“While farmers generally allow one rooster for ten hens, ten men are scarcely sufficient to service one woman.” —Giovanni Boccaccio
In fourteenth-century Florence, you could be killed for committing adultery. Nevertheless, the beautiful and elegant Lady Isabella, wife of a rich and powerful knight who bored her, took a lover, a young man not of her class, named Leonetto.
Another knight, Signore Lambertuccio, also powerful, also boring, also wanted her. Who didn’t? But she found herself unable to respond. He sent her message after message, with no result. Finally, he resorted to threatening her: unless she complied he would ruin her reputation, which would be a dangerous state of affairs. She knew what a ruthless man he was, so she resigned herself to yielding to him.
In the Florentine way, she spent the summers at her country estate, and when her husband rode off on business she sent for Leonetto, who quickly and eagerly arrived. But Signore Lambertuccio happened to hear of her husband’s absence, and immediately mounted up and rode to the estate, where he knocked at the gate. Her maidservant looked out at him and hurried to the door of Isabella’s bedroom where she was engaged with Leonetto.
“Madonna,” she called, “Signore Lambertuccio has arrived—alone.”
Isabella sat up. “Uh-huh.” She hustled Leonetto behind the bed curtains and told him to stay quiet until Lambertuccio had gone, and Leonetto, who like everyone feared the signore, trembled and obeyed.
“Go down and open the gate,” she told the maidservant, who did so, and the signore rode in, dismounted, tied his horse and went inside, while Isabella dressed and got to the head of the stairs to meet him. “What a surprise! What brings you here?”
“Well, I heard your husband was away, so I thought I’d—come over.” He skipped up the stairs, took her by the waist, and they went into her bedroom and locked the door. And Leonetto, not daring to breathe, watched as Lambertuccio enjoyed himself on her person.
The maidservant, meanwhile, looked out and saw the husband coming back. She knocked at the bedroom door. “Madonna, the master is here. He’s in the courtyard.”
Isabella sat up. “Uh-huh. You left your horse downstairs?” Lambertuccio nodded. “Oh, well. I’ve enjoyed my life. I must say, you’re not my favorite way to say good-bye to it.” She smiled dimly at him. “No. Wait.”
She jumped out of bed and paced, thinking. “All right, here’s what I want you to do. Get your sword in your hand. No, that one. Run downstairs, wave it around and say, ‘I’ll get that bastard! Wherever he is, I’ll get him!’ If he tries to stop you just say it again. Keep saying it. Don’t say anything else. Get on your horse and ride away. Go on, go on, go on, do it, do it, do it!”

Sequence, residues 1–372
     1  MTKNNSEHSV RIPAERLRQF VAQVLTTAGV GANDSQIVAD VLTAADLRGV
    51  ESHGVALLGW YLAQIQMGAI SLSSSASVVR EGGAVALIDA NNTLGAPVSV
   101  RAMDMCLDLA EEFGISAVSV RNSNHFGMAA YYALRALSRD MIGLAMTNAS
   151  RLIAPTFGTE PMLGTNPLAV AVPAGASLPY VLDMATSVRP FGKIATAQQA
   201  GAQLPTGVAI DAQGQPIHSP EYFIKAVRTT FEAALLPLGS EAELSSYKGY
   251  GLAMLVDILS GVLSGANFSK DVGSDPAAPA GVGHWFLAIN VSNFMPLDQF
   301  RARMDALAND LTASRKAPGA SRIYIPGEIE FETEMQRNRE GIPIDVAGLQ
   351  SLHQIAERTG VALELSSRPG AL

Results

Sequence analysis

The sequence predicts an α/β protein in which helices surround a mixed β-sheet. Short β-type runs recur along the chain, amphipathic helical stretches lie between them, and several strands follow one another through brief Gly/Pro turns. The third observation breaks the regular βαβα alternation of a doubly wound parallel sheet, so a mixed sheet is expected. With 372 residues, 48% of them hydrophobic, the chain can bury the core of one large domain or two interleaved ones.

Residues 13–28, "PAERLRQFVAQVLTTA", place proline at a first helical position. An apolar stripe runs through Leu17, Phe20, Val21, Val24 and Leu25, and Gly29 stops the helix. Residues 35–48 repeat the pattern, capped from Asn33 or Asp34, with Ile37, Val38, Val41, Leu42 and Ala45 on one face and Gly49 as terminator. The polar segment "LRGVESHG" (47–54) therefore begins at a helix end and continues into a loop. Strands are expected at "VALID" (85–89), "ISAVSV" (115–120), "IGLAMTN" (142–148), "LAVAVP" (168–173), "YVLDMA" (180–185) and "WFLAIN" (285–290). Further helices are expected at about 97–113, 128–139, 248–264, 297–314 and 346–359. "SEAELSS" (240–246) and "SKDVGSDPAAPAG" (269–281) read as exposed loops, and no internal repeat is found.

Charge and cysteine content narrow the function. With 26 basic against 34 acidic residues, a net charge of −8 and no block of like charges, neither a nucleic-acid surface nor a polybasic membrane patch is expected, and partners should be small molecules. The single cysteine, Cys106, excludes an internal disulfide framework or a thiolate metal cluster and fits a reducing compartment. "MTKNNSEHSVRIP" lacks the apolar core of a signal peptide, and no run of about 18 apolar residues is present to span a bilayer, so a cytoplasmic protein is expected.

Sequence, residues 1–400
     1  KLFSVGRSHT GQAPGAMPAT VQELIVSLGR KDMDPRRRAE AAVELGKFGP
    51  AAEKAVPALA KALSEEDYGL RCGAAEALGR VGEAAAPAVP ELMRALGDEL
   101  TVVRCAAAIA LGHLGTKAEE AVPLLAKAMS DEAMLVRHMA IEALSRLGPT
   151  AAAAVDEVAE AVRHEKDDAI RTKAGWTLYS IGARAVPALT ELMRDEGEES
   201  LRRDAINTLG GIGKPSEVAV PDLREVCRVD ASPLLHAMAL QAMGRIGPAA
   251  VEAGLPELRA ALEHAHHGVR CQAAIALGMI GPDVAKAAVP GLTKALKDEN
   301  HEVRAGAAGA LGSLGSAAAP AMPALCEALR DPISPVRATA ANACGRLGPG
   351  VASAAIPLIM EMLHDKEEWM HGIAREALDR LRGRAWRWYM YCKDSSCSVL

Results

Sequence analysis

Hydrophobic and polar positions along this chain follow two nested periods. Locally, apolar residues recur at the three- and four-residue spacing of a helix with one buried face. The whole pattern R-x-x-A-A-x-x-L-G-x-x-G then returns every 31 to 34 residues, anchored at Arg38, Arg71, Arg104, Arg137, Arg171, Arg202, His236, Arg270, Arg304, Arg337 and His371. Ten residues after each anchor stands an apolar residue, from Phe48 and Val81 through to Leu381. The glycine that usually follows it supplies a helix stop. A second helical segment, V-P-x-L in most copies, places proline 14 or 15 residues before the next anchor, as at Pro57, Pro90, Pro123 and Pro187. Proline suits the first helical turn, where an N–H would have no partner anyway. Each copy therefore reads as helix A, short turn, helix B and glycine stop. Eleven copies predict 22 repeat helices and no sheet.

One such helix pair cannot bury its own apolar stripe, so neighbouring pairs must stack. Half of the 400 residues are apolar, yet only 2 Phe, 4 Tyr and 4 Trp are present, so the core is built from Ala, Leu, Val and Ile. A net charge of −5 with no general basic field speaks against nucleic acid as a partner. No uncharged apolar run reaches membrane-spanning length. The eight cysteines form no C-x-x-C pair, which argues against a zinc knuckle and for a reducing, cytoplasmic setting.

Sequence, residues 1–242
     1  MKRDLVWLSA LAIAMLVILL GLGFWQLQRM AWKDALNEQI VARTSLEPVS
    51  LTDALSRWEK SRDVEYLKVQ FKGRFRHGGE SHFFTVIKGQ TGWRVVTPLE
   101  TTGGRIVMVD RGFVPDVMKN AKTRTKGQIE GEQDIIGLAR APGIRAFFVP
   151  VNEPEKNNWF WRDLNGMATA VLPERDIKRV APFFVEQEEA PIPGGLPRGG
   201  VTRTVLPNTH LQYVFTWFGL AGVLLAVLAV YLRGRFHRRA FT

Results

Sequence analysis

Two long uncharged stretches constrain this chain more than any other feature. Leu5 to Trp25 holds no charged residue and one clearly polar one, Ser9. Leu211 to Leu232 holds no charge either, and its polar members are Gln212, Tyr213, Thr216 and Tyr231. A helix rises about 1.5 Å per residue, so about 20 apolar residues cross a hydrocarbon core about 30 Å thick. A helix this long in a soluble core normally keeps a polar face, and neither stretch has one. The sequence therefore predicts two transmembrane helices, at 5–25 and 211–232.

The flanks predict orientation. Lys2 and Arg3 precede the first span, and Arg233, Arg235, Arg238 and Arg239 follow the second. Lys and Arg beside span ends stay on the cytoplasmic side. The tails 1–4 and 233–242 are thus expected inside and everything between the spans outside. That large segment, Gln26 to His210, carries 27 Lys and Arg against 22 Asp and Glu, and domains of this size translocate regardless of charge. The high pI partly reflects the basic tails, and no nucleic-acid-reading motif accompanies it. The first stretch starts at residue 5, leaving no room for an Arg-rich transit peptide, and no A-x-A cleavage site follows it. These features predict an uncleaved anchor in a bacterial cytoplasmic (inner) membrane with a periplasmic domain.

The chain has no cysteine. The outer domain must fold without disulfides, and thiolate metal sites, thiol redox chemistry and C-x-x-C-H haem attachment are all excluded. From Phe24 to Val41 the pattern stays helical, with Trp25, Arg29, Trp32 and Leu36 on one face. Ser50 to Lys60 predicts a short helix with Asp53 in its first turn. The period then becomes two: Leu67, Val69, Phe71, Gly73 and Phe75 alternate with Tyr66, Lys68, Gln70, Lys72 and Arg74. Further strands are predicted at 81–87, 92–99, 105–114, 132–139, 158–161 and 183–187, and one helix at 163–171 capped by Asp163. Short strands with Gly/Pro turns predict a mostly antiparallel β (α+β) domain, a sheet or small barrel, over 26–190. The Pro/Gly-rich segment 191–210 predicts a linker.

The signore, still flushed with pleasure, and annoyed at the interruption, did look angry enough as he charged down past the husband. “Signore Lambertuccio! What are you doing here?”
“I’ll get that bastard! Wherever he is, I’ll get him!” And he jumped on his horse and rode away. The husband watched him go, and went into the house where, at the top of the stairs was his wife, much in distress.
“What’s going on? Who is he so angry at?”
He climbed up to her and she led him into the bedroom, trying to calm her racing heart, and not altogether acting. “Some stranger,” she said, “a young man, came running into the house and up the stairs, terrified! Then Lambertuccio rushed in with his sword in the air! ‘Where is he!’ The young man found my room open and ran in! ‘Please,’ he said. ‘don’t let me be killed!’
“‘What’s wrong?’ I said, but Lambertuccio tore upstairs shouting and I went to the door. ‘Where are you, you bastard!’ He tried to come in, but I said, ‘Signore Lambertuccio, really! This is my bedroom!’ I must say he behaved like a gentleman. He searched the other rooms and ran out.”
“You did well,” said her husband, “to keep someone from being murdered here. But it was not gentlemanly to pursue a man who came to my house for protection! Where is he?”
“I don’t know!”
“Come out, young man,” called the knight. “You’re safe.” Leonetto, still trembling, and not altogether acting, peeked out from behind the curtains. “What trouble do you have with Signore Lambertuccio?”
“Really, it’s beyond me! He must take me for someone else. He saw me in the street, drew his sword and said, ‘You bastard, you must die!’ I didn’t wait to ask why, I ran as fast as I could. This lady saved my life!”
“All right, I’ll lend you a horse and take you back to Florence.” And so they had supper and rode back together. And as soon as he got there Leonetto went to see Signore Lambertuccio, and told him as much as he needed to know, and the husband never found out.
Boccaccio’s "The Husband"
Boccaccio's "The Horse Trade"
Boccaccio's "The Stupid Friar"
Chaucer’s "The Miller's Tale"